13. 13. The acquirer should fair value all of the consideration at the date of acquisition including the earn-out. If the earn-out is a liability (cash or shares to the value of a specific amount), any subsequent re-measurement of the liability is recognised in the income statement. There is no requirement for payments to be probable, which was the case under IFRS 3. An increase in the liability for strong performance results in an expense in the income statement. Conversely, if the liability is decreased, perhaps due to under- performance against targets, the reduction in the expected payment will be recorded as a gain in the income statement. These changes were previously recorded against goodwill. Acquirers will have to explain this component of performance: the acquired business has performed well but earnings are lower because of additional payments due to the seller. 2.4 Does it make a difference whether contingent consideration (an earn-out) is payable in shares or in cash? Yes, it does make a difference. An earn-out payable in cash meets the definition of a financial liability. It is re-measured at fair value at every balance sheet date, with any changes recognised in the income statement. Earn-outs payable in ordinary shares may not require re-measurement through the income statement. This is dependent on the features of the earn-out and how the number of shares to be issued is determined. An earn-out payable in shares where the number of shares varies to give the recipient of the shares a fixed value would meet the definition of a financial liability. As a result, the liability will need to be fair valued through income. Conversely, where a fixed number of shares either will or will not be issued depending on performance, regardless of the fair value of those shares, the earn-out probably meets the definition of equity and so is not re-measured through the income statement. 2.5 A business combination involves fees payable to banks, lawyers and accountants. Can these still be capitalised? No, they cannot. The standard says that transaction costs are not part of what is paid to the seller of a business. They are also not assets of the purchased business that are recognised on acquisition. Transaction costs should be expensed as they are incurred and the related services are received. The standard requires entities to disclose the amount of transaction costs that have been incurred. 2.6 What about costs incurred to borrow money or issue the shares used to buy the business. Do these also have to be expensed? No, these costs are not expensed. They are accounted for in the same way as they were under the previous standard. Transaction costs directly related to the issue of debt instruments are deducted from the fair value of the debt on initial recognition and are amortised over the life of the debt as part of the effective interest rate. Directly attributable transaction costs incurred issuing equity instruments are deducted from equity. PricewaterhouseCoopers – A practical guide to new IFRSs for 2009 | 11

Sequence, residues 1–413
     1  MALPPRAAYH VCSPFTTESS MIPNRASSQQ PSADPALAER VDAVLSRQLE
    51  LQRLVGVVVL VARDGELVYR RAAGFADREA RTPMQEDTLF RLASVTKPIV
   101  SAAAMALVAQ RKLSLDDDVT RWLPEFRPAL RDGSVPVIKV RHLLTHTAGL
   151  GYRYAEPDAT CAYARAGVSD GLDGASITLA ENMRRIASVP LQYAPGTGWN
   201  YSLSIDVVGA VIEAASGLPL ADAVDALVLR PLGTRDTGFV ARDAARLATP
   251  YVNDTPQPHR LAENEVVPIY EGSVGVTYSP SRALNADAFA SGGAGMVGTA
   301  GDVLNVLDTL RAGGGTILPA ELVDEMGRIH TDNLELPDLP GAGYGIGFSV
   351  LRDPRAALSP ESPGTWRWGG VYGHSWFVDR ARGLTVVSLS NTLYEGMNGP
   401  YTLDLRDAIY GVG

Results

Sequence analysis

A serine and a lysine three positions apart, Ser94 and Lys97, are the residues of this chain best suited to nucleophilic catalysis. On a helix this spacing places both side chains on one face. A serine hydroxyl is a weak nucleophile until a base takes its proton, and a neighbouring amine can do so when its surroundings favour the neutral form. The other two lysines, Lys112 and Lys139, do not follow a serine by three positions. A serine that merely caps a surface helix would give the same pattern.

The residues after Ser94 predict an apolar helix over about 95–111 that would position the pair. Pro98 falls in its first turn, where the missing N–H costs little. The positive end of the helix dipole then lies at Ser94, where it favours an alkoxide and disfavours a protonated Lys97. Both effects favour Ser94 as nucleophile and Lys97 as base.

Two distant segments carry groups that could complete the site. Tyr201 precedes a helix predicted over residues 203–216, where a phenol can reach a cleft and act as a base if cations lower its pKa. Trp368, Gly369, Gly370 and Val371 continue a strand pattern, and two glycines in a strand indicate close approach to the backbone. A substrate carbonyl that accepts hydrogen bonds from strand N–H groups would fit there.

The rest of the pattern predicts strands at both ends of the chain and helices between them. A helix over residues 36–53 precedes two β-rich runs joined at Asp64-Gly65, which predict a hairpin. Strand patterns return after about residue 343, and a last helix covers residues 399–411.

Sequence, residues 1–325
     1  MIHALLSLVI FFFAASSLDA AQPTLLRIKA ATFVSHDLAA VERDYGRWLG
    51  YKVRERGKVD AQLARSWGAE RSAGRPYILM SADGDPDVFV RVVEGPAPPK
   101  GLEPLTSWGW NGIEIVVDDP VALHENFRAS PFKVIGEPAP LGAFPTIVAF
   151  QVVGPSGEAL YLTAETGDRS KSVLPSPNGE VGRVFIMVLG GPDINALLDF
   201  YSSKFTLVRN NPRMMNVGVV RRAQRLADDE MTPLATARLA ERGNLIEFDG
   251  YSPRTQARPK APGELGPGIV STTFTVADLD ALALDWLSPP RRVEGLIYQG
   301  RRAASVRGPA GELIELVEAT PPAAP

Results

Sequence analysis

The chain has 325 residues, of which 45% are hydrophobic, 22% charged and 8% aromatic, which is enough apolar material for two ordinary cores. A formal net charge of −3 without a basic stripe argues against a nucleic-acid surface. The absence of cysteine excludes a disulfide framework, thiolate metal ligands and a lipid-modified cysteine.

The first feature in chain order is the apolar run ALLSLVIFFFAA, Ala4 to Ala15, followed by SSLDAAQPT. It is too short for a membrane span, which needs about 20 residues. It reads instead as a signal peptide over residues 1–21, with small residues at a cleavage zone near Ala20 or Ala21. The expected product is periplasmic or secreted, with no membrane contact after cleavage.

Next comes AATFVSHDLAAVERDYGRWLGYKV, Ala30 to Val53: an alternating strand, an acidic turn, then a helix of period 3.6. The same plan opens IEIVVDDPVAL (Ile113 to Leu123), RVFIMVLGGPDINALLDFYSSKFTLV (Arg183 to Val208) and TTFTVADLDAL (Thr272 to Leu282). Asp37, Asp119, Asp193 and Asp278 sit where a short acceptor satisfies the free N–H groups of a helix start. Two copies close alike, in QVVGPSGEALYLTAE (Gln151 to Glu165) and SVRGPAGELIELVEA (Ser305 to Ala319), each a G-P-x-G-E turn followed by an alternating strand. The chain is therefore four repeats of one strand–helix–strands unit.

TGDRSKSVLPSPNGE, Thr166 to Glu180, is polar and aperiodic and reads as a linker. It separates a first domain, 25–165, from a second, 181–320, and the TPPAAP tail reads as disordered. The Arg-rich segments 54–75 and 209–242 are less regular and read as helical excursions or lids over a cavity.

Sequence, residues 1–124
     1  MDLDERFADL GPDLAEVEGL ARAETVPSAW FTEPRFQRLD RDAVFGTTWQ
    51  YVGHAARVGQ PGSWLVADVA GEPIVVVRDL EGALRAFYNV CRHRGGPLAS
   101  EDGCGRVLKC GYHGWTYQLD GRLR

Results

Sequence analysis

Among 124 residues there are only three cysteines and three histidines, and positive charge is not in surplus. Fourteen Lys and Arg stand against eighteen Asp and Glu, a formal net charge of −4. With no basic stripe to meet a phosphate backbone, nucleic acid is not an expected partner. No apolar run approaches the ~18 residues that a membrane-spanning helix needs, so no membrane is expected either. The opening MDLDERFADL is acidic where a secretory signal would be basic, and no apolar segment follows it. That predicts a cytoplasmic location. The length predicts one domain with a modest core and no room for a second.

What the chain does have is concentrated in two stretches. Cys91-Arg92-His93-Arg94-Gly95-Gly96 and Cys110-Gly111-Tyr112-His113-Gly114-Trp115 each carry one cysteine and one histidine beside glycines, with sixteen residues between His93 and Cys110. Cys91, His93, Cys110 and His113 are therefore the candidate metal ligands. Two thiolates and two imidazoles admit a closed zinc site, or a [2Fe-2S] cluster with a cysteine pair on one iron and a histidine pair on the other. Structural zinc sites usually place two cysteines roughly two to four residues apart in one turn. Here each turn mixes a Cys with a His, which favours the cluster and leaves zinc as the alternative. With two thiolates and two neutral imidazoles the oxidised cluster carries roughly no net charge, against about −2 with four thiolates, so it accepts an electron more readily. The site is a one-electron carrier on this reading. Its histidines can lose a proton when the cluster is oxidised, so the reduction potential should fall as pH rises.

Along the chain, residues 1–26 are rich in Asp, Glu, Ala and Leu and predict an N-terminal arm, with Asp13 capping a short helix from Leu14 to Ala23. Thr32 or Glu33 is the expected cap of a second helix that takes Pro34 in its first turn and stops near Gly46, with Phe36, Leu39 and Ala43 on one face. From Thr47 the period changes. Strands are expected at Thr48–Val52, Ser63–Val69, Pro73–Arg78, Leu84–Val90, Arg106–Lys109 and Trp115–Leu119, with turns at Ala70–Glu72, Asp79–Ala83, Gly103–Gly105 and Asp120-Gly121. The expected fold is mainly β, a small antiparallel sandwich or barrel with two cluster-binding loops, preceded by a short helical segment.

14. 14. 3. Goodwill and non-controlling interests The revised standard gives entities the option, on a transaction-by-transaction basis, to measure non-controlling interests (previously minority interest) at the value of their proportion of identifiable assets and liabilities or at full fair value. The first will result in measurement of goodwill little different from existing IFRS 3; the second approach will record goodwill on the non-controlling interest as well as on the acquired controlling interest. The ‘bargain purchase’ guidance remains the same with the requirement to recognise ‘negative goodwill’ immediately in the income statement. 3.1 Does the type of consideration affect how much goodwill is recognised? No, it does not. Regardless of how payments are structured, the consideration is recognised in total at its fair value at the date of the acquisition. Paying the same amount in today’s values in different ways will not make a difference to the amount of goodwill recognised. The form of the consideration will not affect the amount of goodwill, but the structure of the payments will have a significant effect on the post-acquisition income statement. Payments that are contingent and deemed to be part of the acquisition price will be measured at fair value and included in the business combination accounting on day one. Equity instruments that are contingent consideration are not subsequently re-measured. Debt instruments are subsequently re-measured through the income statement. Changes in the carrying amount of contingent consideration will often not be offset by profits and losses of the acquired subsidiary. A substantial payment to the previous owners may be required if an in-process research and development (IPR&D) project meets key approval milestones. The successful IPR&D project may generate substantial profits over 20 years. The increased amounts due under the contingent consideration arrangement are likely to be recognised as an expense in the income statement before the project generates any revenue at all. 3.2 How is goodwill measured? Goodwill continues to be a residual. It may well be a different residual under IFRS 3 (revised) compared to the previous standard. This is partly because all of the consideration, including any previously held interest in the acquired business, is measured at fair value. It is also because goodwill can be measured in two different ways. The first approach is similar to the method under current IFRS: goodwill is the difference between the consideration paid and the purchaser’s share of identifiable net assets acquired. This is a ‘partial goodwill’ method because the non-controlling interest is recognised at its share of identifiable net assets and does not include any goodwill. Goodwill can also be measured on a ‘full goodwill’ basis, described in the following question. 3.3 What is ‘full goodwill’? Full goodwill means that the non-controlling (minority) interest is measureed at fair-value, and goodwill is recognised in a business combination. Under IFRS 3, minority interest was recognised at the minority’s share of net assets and did not include any goodwill. Full goodwill means that non-controlling interest and goodwill are both increased by the goodwill that relates to the non-controlling interest. 12 | PricewaterhouseCoopers – A practical guide to new IFRSs for 2009